gms | German Medical Science

81st Annual Meeting of the German Society of Oto-Rhino-Laryngology, Head and Neck Surgery

German Society of Oto-Rhino-Laryngology, Head and Neck Surgery

12.05. - 16.05.2010, Wiesbaden

Effects of spatial pointer orientation on the accuracy of intraoperative navigation

Meeting Abstract

  • corresponding author presenting/speaker Andreas Niemann - Medizinische Hochschule Hannover - HNO-Klinik, Hannover, Germany
  • author Omid Majdani - Medizinische Hochschule Hannover - HNO-Klinik, Hannover, Germany
  • author Thomas Lenarz - Medizinische Hochschule Hannover - HNO-Klinik, Hannover, Germany
  • author Martin Leinung - Medizinische Hochschule Hannover - HNO-Klinik, Hannover, Germany

German Society of Oto-Rhino-Laryngology, Head and Neck Surgery. 81st Annual Meeting of the German Society of Oto-Rhino-Laryngology, Head and Neck Surgery. Wiesbaden, 12.-16.05.2010. Düsseldorf: German Medical Science GMS Publishing House; 2010. Doc10hno099

DOI: 10.3205/10hno099, URN: urn:nbn:de:0183-10hno0992

Published: July 6, 2010

© 2010 Niemann et al.
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Outline

Text

A variety of studies analyzing the influence of several factors on navigation accuracy (for example quality of imaging or different registration modalities) are found in the literature.

It is astounding that no research has yet been undertaken to examine the accuracy of the pointer during routine use.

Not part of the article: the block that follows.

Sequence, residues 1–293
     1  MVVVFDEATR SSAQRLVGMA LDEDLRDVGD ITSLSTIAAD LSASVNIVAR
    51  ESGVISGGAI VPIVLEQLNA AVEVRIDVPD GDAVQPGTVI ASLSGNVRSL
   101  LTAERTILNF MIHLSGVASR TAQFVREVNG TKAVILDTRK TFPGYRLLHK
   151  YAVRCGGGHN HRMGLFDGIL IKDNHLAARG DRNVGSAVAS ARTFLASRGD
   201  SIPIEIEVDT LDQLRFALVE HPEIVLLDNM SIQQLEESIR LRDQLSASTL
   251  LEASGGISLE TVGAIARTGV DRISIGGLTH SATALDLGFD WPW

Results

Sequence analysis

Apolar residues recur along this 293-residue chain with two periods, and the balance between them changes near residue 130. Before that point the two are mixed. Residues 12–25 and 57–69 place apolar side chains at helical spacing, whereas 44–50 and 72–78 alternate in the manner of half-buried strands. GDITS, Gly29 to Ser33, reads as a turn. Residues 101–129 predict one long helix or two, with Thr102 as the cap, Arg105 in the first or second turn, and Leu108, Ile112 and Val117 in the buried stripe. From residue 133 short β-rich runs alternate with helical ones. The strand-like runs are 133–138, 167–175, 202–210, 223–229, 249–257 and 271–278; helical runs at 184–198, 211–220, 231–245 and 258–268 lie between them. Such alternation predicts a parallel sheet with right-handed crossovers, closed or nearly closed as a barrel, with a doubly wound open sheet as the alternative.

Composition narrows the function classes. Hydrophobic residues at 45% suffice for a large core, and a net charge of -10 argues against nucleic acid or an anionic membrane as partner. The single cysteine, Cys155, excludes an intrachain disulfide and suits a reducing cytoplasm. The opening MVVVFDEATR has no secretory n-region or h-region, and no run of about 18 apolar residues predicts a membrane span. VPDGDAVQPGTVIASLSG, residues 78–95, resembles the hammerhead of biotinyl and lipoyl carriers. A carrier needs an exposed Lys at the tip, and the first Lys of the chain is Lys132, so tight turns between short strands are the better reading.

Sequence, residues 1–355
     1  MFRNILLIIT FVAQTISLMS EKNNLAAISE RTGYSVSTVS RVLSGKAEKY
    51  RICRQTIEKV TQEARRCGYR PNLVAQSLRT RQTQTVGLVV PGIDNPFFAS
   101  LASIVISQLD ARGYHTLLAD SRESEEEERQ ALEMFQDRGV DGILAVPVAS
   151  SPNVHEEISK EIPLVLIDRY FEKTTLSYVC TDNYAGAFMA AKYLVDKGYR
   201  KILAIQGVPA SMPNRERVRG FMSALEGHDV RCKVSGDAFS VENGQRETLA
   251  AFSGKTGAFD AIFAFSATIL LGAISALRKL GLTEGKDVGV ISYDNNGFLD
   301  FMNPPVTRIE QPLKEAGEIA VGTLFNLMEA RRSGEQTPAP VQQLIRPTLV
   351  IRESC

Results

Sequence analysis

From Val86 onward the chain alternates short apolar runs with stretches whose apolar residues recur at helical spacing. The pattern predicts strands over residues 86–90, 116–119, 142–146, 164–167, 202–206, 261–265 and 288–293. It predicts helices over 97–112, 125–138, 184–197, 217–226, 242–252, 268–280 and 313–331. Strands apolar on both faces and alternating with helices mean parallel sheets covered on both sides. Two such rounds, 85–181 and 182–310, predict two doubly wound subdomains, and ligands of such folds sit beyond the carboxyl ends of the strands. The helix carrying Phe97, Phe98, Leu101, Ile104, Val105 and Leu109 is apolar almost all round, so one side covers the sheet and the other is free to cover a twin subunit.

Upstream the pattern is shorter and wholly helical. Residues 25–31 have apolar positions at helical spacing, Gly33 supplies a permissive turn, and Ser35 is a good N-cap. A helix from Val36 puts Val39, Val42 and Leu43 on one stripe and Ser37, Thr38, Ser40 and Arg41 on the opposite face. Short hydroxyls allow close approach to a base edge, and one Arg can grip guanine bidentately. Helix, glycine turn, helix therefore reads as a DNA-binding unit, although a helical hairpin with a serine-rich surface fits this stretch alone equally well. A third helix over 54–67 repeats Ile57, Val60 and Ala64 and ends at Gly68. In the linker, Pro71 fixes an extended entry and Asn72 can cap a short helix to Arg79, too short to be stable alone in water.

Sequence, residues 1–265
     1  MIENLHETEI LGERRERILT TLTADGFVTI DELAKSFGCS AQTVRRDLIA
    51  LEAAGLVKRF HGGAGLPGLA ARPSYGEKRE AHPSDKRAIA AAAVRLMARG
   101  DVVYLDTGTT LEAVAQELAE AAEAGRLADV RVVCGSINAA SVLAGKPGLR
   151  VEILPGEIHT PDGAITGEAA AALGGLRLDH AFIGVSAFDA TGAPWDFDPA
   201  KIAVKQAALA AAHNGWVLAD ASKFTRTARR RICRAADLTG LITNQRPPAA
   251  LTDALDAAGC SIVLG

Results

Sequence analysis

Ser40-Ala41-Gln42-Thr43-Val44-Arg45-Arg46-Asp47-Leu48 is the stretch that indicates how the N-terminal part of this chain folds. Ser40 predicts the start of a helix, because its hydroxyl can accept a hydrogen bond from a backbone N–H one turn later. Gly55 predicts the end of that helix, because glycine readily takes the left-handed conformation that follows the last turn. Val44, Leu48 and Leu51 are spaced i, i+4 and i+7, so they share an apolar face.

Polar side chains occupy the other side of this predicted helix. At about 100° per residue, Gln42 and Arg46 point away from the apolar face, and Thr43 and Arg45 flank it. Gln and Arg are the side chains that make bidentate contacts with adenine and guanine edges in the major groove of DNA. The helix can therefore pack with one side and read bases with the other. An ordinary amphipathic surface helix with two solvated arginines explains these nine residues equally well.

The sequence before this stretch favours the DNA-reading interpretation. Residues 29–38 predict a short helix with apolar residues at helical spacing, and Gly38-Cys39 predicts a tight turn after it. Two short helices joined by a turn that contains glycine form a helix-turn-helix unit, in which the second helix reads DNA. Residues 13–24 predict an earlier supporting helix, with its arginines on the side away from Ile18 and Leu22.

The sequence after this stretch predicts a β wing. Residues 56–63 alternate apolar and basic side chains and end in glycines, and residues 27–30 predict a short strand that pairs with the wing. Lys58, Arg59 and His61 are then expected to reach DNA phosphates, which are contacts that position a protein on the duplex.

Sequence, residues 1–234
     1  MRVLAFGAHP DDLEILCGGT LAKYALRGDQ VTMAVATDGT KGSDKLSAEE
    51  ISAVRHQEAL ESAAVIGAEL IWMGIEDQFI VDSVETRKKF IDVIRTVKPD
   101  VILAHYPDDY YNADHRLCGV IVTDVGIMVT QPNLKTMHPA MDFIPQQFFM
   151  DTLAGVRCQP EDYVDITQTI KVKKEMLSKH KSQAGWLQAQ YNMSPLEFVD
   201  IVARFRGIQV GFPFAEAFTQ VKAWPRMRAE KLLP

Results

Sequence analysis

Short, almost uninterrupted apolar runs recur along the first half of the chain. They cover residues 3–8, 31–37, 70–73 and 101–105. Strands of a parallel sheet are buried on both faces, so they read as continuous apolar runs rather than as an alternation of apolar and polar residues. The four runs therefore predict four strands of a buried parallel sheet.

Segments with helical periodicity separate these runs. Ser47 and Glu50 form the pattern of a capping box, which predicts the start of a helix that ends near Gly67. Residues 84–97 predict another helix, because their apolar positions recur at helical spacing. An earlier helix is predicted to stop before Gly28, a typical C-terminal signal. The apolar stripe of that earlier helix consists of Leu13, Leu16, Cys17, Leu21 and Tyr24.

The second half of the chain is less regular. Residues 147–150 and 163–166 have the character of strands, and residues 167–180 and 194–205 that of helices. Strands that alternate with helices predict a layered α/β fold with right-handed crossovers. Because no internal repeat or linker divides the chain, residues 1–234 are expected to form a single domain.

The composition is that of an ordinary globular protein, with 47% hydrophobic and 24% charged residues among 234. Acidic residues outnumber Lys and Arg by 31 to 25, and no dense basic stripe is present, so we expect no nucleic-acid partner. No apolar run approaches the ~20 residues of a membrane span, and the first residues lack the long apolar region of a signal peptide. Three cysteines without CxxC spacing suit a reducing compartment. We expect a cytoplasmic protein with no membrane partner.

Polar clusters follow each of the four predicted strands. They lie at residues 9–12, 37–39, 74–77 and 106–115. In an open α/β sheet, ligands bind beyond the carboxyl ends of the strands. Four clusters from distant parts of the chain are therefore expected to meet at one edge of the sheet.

This research deals with the effects of the daxial orientation of the pointer in relation to the camera system on accuracy (Target Registration Error). Using a calibration fixture, a commercially available probe was rotated around a zero point along its own long axis and pitched around a spherical grade, always along a reproducible path. The TRE was then determined as a measure of the accuracy.

Minor axis deviations with up to 50° pitching typically resulted in an accuracy of up to 1,5 mm. The data acquired in this study demonstrated that more dramatic pitching, particularly those which directed the pointer away from the cameras, was shown to have a negative effect on the TRE or to result in a loss of target acquisition. The most probable explanation for this observation lies in parallax error.

The highest degree of accuracy is found when the largest possible surface area of the pointer’s reflecting ball is directed toward the camera. A deviation of the pointer of more than 90° rotation around the pointer’s long axis should be avoided. Pointer pitches parallel to the visual axis yielded good levels of accuracy, as long as the pitch did not exceed 50°. More drastic pitching, particularly along the cameras visual axis, should be avoided, as this results in the greatest loss of accuracy for the navigation system.